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IRE - irreversible electroporation ablation

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Irreversible Electroporation Ablation of an Unresectable Fibrous Sarcoma With 2 Electrodes: A Case Report

To explore the safety and efficacy of irreversible electroporation ablation in unresectable fibrous sarcoma with 2 electrodes.

A 74-year-old woman with unresectable retroperitoneal malignant fibrous sarcoma was treated with percutaneous irreversible electroporation. Four ablations were performed on the mass, which measured 7.3 × 7.0 × 7.5 cm, with 2 electrodes.

A contrast-enhanced computed tomography scan 2 months postoperatively showed that the tumor had reduced to 5.1 × 4.0 × 5.2 cm, without obvious enhancement. Any adverse reactions were evaluated as level 1.

In the short term, the treatment with 2 electrodes for fibrous sarcoma appears to be safe and effective.

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2 articles - one is Irreversible electroporation on canine, and second is Reversible electroporation combined with direct intratumoral injection of bleomycine. Both cases are resulted in complete response. 
Ultrasound guidance facilitated electrode placement, with the center energized (2.5-cm exposure length) and one side grounded at a time (1.5-cm exposure), for a total of two pulse sets. Pulses were synchronized to 500s after the R-peak wave of the patient’s cardiac rhythm. Both IRE treatments resulted in progressive coagulative tumor necrosis in the periods of 24 to 48 hours post therapy , and the majority of skeletal muscle at the margin of the tumor remained viable. In addition,
the IRE resulted in marked influx of mixed inflammatory infiltrate into the treatment region, which was composed of neutrophils, macrophages, and primarily CD3lymphocytes
Volumetric tumor regression occurred for several weeks after IRE, as necrotic tissue was resorbed by the immune system and local tissue healing and remodeling occurred. At the 6-month recheck, the patient was in complete remission according to clinical and CT examinations.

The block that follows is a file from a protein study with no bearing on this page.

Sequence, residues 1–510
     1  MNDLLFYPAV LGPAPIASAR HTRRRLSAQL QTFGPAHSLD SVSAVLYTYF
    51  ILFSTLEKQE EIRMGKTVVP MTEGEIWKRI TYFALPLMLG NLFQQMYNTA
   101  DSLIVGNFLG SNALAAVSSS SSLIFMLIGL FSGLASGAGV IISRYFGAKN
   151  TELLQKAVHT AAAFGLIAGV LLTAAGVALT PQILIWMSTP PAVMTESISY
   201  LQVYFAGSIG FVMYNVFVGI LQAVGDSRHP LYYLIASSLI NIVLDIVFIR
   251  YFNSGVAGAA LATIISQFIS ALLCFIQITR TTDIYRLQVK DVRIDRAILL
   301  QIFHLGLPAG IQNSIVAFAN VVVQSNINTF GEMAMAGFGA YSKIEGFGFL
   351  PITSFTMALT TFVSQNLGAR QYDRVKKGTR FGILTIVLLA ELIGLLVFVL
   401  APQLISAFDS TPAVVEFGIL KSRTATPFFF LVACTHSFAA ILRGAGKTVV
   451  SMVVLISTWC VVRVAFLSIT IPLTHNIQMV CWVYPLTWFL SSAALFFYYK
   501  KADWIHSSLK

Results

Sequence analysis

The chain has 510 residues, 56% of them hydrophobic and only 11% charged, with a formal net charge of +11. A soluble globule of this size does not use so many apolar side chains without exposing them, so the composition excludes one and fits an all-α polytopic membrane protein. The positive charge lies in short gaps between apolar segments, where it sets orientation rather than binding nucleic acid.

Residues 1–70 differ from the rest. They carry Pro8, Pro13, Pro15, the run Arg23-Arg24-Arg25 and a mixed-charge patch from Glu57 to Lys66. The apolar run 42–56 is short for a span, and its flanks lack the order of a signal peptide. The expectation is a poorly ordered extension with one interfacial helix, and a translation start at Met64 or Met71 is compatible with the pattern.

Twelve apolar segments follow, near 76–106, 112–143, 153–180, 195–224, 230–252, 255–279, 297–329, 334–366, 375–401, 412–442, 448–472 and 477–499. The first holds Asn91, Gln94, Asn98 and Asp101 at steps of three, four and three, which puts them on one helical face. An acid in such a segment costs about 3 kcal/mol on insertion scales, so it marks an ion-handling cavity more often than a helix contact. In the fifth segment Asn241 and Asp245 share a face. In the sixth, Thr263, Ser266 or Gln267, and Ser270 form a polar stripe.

Purpose. Examination of the potential of electroporation therapy (EPT) in a patient with metastatic soft tissue sarcoma. 
Patient. A 24-year-old male who underwent extensive resection and postoperative radiotherapy for a malignant peripheral nerve sheath tumor in the right infratemporal fossa with intracranial extension and invasion of the maxillary sinus and mandible had a recurrence in the scar of his craniotomy for which he was initially treated with doxorubicin. After discontinuation of doxorubicin he developed a metastatic mass at the same site for which he was treated with electroporation therapy. 
Method. The subcutaneous metastasis was infiltrated with bleomycin and electroporated. 
Results. Gradually the tumor became increasingly necrotic and demarcated from surrounding tissue. After 10 weeks no tumor was seen anymore. The wound healed secondarily. 
Discussion. Intralesional bleomycin followed by EPT is potentially effective, well tolerated, and easy to perform in well accessible soft tissue sarcoma sites.
What is a mechanism behind of complete tumor suicide that was triggered with electroporation? Same behavior could be observed in some radiotherapy treatments. 

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